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Plant products transport vehicles

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Plant products transport vehicles are ones that transport: 

  • fresh cut (ie. cut, trimmed, sliced, peeled, pulled apart) fruit and vegetables that are still raw
  • unpasteurised fruit or vegetable juices
  • sprouting and processing seed sprouts, including bean sprouts (except wheat grass)
  • vegetables, fruits or herbs in oil 

Licensing, registration

Operators of vehicles used to distribute and/or transport plant products need to:

  1. apply for a Food Authority licence online or download an application form (PDF, 394.88 KB), print and post it
  2. meet relevant food standards
  3. prepare for regular audits
  4. if exporting: contact the Australian Department of Agriculture and Water Resources for an export certification or permit.

For more see applying for a food licence.

Vehicle licence label

The NSW Food Authority will issue a licence label (sticker) to the holder of a food transport vehicle.

This label must be displayed on the vehicle at all times.

Skills & knowledge

There are no formal food safety qualifications required for plant product transporters, however each food handler and person in control of a food business is required to have food safety skills and knowledge appropriate to their food handling activities.

For a guide see FSANZ Safe Food Australia Division 2.

Requirements are set out in the Food Standards Code, Standard 3.2.2 - Food Safety Practices and General Requirements, clause 3.

Construction & facilities

Plant product transport vehicles should:

  • be designed and constructed to protect food from contamination
  • be effectively cleaned and sanitised (where necessary) to protect food from contamination
  • segregate raw (eg cut salad ingredients) from processed food, and protect food from contamination by covering or sealing appropriately.

Requirements are set out in Food Standards Code, Standard 3.2.3 – Food Premises and Equipment.

In addition, the Food Authority recommends that transport businesses should implement the practices below, although they are not specified legal requirements:

  • if transporting potentially hazardous food that requires temperature control, a transport vehicle’s refrigeration unit should be serviced annually to ensure efficient operation
  • transport vehicle pre-cooling before transportation.

Hygiene & handling

A food handler must take all reasonable measures not to handle food or surfaces likely to come into contact with food in a way that is likely to compromise the safety and suitability of food.

A food business must, when transporting food:

  • protect all food from the likelihood of contamination;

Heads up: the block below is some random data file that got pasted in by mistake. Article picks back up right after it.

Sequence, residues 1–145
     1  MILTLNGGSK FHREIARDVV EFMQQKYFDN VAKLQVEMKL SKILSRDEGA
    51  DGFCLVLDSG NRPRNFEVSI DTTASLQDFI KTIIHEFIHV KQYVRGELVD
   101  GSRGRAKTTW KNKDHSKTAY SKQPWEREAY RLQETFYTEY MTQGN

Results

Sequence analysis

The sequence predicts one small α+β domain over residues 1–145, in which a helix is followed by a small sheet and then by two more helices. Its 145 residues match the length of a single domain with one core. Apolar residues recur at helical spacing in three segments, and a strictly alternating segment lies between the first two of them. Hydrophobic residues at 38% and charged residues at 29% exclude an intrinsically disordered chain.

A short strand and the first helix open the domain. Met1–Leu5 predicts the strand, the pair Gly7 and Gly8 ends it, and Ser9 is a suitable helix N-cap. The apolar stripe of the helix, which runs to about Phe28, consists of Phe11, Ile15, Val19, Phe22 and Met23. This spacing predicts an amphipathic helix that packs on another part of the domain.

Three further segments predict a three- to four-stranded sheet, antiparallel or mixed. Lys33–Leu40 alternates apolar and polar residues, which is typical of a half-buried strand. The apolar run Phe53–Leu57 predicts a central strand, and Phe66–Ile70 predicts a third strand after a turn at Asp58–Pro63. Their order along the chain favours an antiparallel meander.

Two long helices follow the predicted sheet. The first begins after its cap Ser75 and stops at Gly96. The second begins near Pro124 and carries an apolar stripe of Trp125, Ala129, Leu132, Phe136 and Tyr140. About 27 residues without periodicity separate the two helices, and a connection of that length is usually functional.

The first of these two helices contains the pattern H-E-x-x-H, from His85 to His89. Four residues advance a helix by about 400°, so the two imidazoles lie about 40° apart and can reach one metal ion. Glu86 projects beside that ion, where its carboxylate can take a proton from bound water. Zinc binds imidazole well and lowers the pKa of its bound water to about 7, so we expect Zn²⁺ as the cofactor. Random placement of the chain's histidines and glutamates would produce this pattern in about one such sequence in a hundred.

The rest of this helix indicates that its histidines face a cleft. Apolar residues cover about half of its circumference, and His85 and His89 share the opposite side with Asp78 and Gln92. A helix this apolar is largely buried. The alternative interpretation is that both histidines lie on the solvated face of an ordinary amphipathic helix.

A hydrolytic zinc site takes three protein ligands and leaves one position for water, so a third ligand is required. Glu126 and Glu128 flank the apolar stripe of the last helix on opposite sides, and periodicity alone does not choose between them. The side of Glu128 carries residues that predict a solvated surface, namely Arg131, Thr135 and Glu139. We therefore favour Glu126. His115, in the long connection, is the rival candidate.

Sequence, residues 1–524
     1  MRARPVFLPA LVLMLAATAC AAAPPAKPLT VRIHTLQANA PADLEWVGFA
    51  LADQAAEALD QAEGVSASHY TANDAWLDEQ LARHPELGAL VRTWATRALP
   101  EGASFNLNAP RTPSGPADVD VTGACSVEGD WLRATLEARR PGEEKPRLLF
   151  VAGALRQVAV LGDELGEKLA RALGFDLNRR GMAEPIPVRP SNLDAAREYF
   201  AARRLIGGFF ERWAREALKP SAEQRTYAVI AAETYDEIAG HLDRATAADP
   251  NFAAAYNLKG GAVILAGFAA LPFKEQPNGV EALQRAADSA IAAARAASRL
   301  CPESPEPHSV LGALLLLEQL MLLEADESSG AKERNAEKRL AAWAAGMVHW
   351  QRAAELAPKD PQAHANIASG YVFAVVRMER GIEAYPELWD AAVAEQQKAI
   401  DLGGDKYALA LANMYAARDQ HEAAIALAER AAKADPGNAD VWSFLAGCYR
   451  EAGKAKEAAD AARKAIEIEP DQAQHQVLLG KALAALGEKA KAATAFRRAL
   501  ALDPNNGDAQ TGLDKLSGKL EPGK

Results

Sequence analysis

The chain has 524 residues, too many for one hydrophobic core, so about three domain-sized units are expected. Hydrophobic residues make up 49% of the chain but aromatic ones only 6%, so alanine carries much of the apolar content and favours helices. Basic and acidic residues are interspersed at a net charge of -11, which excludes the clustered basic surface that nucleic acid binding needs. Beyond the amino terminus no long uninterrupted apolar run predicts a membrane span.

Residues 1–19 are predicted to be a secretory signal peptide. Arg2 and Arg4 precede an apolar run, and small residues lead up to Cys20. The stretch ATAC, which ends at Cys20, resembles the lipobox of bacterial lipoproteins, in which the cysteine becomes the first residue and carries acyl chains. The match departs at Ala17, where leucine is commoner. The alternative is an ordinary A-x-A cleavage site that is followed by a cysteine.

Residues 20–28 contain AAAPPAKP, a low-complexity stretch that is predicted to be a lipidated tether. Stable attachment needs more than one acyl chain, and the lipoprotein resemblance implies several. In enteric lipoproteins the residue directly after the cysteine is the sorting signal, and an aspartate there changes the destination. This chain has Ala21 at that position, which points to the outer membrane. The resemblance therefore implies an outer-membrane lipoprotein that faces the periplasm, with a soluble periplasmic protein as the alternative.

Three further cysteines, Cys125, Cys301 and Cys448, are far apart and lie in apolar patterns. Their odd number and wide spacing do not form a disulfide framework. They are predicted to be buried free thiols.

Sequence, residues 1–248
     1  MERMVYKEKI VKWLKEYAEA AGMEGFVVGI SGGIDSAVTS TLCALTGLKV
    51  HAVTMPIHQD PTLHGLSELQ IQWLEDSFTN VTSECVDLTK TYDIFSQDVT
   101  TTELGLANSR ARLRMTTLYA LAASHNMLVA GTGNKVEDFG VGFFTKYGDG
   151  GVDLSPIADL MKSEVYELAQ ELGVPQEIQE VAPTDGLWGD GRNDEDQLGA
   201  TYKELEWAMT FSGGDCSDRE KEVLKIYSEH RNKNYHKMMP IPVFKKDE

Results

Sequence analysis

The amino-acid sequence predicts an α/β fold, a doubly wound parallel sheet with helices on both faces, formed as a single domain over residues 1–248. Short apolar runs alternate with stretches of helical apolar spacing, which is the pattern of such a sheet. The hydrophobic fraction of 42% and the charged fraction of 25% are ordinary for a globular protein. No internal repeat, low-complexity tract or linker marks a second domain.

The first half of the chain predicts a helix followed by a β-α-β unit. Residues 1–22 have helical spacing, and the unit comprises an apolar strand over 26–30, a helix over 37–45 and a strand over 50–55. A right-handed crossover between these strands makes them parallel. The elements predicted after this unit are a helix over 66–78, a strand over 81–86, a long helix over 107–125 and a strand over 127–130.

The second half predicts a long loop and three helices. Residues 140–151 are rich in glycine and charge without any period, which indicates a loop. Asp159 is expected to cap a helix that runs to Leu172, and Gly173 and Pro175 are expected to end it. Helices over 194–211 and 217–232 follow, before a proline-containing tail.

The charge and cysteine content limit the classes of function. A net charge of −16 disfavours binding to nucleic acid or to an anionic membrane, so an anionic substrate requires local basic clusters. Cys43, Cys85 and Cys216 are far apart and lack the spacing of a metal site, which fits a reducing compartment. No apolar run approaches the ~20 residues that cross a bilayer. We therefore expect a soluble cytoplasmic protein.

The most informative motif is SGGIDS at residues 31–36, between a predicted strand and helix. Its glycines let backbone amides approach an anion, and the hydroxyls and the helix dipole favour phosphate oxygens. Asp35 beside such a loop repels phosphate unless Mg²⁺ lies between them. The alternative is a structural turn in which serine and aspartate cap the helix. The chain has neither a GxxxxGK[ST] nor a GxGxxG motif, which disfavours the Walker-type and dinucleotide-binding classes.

• transport potentially hazardous food under temperature control; and
  • ensure that potentially hazardous food which is intended to be transported frozen remains frozen during transportation.

Transporters must exercise personal hygiene and health practices so the food is suitable for sale by:

  • wearing clean clothing at the start of each day
  • not handling food if they know, or suspect, they have an illness, for example vomiting or diarrhoea
  • covering open wounds with a waterproof bandage
  • washing hands whenever it is likely their hands could contaminate food, for example after visiting the toilet; after meal breaks
  • not smoking around product at any time.

For more see our factsheets:

See also FSANZ guide Safe Food Australia.

Requirements are set out in Food Standards Code, Chapter 3, Standard 3.2.2, Division 4 - Health and Hygiene.

Food safety controls

When transporting plant products a business needs to:

  • protect all food from the likelihood of contamination
  • transport potentially hazardous food under temperature control
  • ensure that potentially hazardous food which is intended to be transported frozen remains frozen during transportation.


Requirements for product  labelling apply, as set out in Food Standards Code, Chapter 1, Part 1.2 - Labelling and other Information Requirements and the FSANZ labelling user guides.

For an introduction and Food Authority factsheets see labelling.


No routine microbiological or chemical testing of product is required of plant product transporters.

Inspections & audits

Plant product transport vehicles will be routinely checked by the Food Authority for compliance with requirements.

Compliance or regulatory action will be taken if required.

There are fees for inspections, payable by the licence holder.

For more see audits, inspections and compliance.

Legislation & standards

Transport operators in the plant products industry need to meet the relevant requirements of the:

  1. Food Act 2003 (NSW)
  2. Food Regulation 2015 including the Plant Products Food Safety Scheme
  3. Food Standards Code, including


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